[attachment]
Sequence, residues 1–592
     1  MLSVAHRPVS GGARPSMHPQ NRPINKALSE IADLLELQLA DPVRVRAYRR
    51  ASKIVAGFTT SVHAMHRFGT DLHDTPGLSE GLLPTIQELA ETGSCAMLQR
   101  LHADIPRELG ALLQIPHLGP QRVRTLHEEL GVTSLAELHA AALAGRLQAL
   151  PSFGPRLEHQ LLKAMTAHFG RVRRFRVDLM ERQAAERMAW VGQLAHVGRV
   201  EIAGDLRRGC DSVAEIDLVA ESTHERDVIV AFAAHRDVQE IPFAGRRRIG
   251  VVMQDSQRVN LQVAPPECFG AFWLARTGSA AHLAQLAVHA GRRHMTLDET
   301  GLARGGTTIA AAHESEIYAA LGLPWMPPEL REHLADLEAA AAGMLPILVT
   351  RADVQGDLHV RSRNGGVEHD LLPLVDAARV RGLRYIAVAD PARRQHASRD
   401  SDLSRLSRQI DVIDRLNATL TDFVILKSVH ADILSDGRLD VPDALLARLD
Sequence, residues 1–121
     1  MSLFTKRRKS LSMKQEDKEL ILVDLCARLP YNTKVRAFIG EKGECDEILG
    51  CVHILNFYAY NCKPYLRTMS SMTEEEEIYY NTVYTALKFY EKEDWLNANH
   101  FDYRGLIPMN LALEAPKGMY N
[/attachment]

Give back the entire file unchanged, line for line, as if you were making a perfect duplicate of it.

Sequence, residues 1–592
     1  MLSVAHRPVS GGARPSMHPQ NRPINKALSE IADLLELQLA DPVRVRAYRR
    51  ASKIVAGFTT SVHAMHRFGT DLHDTPGLSE GLLPTIQELA ETGSCAMLQR
   101  LHADIPRELG ALLQIPHLGP QRVRTLHEEL GVTSLAELHA AALAGRLQAL
   151  PSFGPRLEHQ LLKAMTAHFG RVRRFRVDLM ERQAAERMAW VGQLAHVGRV
   201  EIAGDLRRGC DSVAEIDLVA ESTHERDVIV AFAAHRDVQE IPFAGRRRIG
   251  VVMQDSQRVN LQVAPPECFG AFWLARTGSA AHLAQLAVHA GRRHMTLDET
   301  GLARGGTTIA AAHESEIYAA LGLPWMPPEL REHLADLEAA AAGMLPILVT
   351  RADVQGDLHV RSRNGGVEHD LLPLVDAARV RGLRYIAVAD PARRQHASRD
   401  SDLSRLSRQI DVIDRLNATL TDFVILKSVH ADILSDGRLD VPDALLARLD
Sequence, residues 1–121
     1  MSLFTKRRKS LSMKQEDKEL ILVDLCARLP YNTKVRAFIG EKGECDEILG
    51  CVHILNFYAY NCKPYLRTMS SMTEEEEIYY NTVYTALKFY EKEDWLNANH
   101  FDYRGLIPMN LALEAPKGMY N